Whether you’ve worked for years or you’re just starting out, it makes sense to create a plan for distributing your assets after you’re gone. That’s where estate planning comes in. Estate planning may involve everything from creating a will to establishing trusts to designating guardians for dependents.

Below are a few common questions about estate planning addressed by several experts in the field.

What is estate planning?

Estate planning is the process of arranging for the disposal of your estate—your assets—during your life. In an interview with Ally Bank, Erin Baehr, president of Baehr Financial in Stroudsburg, Pennsylvania, stated, “all it really means is to organize the distribution of the things you own and the legacy you want to leave, large or small.”

Most estate plans are set up with the help of an attorney with experience in estate law. The core document in estate planning is the will, which describes which assets go to whom. Other aspects of an estate plan may include naming an executor of the estate, setting up durable power of attorney, and designating guardians for dependents. An estate plan usually will involve a trust.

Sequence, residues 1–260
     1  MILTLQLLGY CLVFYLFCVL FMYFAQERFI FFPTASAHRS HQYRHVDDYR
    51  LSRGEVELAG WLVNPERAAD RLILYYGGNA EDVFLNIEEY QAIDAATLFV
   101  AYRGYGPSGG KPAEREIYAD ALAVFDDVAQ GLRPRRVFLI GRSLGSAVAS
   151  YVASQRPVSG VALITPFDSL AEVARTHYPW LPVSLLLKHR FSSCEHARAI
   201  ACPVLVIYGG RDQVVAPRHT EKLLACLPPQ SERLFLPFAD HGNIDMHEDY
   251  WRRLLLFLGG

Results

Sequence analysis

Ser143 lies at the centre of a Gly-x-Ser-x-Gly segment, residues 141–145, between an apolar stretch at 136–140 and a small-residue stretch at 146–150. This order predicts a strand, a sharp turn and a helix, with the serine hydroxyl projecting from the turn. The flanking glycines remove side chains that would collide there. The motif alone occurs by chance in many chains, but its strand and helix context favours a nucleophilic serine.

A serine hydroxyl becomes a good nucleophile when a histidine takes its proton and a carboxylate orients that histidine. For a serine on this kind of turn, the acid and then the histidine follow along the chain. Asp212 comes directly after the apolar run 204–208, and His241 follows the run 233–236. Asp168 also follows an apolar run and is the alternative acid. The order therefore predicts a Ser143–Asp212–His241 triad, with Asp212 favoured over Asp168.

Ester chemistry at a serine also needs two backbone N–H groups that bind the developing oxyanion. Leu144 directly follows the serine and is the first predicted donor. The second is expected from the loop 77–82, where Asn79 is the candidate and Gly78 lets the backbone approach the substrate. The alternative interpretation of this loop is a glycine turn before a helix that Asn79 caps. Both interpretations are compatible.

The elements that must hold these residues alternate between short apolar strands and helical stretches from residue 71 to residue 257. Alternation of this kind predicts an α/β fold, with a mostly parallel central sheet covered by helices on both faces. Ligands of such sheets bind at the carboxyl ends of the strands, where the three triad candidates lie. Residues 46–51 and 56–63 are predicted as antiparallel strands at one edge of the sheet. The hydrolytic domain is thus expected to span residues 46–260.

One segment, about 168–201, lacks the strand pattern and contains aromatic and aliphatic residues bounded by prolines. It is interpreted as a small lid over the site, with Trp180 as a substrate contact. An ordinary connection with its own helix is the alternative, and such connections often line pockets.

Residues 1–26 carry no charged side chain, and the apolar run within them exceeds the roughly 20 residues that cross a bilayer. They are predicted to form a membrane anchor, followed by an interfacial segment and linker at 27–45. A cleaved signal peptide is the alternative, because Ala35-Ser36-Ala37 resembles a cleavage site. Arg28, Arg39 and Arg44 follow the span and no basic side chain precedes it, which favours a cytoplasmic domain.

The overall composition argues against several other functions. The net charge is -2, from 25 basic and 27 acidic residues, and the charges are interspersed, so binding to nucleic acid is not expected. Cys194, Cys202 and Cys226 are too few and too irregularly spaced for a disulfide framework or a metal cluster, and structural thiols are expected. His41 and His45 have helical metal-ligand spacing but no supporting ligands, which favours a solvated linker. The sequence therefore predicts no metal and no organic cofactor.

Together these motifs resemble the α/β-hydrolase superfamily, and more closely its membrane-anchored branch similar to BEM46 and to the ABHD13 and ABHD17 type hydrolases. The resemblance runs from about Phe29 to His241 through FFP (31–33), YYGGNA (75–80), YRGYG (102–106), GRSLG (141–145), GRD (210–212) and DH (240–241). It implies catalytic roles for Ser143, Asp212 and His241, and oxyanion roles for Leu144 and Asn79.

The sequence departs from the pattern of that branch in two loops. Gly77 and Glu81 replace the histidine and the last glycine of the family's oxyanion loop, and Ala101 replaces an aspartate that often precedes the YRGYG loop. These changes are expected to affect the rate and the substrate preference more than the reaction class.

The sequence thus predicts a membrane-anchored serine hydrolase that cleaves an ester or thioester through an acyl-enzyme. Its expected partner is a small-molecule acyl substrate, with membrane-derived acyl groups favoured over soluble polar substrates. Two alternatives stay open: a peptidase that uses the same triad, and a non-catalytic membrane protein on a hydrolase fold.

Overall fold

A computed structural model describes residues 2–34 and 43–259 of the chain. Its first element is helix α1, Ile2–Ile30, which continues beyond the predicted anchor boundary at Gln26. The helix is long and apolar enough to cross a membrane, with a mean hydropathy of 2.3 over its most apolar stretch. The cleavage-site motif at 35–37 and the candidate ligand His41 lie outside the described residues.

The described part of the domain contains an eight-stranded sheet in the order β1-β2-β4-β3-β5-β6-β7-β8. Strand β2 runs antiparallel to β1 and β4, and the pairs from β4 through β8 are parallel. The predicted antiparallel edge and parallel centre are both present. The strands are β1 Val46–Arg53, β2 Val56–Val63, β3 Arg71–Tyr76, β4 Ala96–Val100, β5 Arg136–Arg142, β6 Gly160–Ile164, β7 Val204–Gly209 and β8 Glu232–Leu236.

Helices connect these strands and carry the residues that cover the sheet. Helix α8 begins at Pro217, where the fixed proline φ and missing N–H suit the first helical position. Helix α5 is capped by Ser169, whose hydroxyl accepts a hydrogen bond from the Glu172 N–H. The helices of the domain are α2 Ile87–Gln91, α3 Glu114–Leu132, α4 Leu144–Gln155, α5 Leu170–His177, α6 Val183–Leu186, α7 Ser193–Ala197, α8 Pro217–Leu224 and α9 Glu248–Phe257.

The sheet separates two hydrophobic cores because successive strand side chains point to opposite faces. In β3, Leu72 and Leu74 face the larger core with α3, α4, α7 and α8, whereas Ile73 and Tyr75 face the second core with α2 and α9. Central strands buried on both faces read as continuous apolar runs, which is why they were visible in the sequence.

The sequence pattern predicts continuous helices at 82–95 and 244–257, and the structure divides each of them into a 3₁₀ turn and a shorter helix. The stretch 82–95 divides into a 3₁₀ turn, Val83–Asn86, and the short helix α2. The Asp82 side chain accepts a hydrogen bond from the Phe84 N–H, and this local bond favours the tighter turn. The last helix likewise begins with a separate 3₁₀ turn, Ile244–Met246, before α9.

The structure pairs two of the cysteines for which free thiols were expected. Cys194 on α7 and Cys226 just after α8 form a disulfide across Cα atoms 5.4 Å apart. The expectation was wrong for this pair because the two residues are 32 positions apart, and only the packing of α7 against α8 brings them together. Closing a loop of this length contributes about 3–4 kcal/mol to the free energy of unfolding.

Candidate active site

In a recent interview with Ally Bank, Bruce D. Steiner, an attorney at the New York City firm Kleinberg, Kaplan, Wolf & Cohen and editorial advisory board member at Trusts & Estates, explained, “For most people, the focus is on what their will says. And in their will, if they’re sufficiently wealthy, and they give things away during their lifetimes, they almost always do it in some sort of a trust.”

Why establish a trust?

You want to ensure your beneficiaries receive what you intend to give with as few legal hurdles and unnecessary taxes as possible. A trust is a legal document that protects and controls your assets. Diane Morais, Ally Bank Deposits and Line of Business Integration Executive, explains, “As the economy stabilizes and Americans aim to grow their personal investments, Ally Bank suggests that savers protect the assets they have worked so hard to attain. Trusts can protect their legacies.”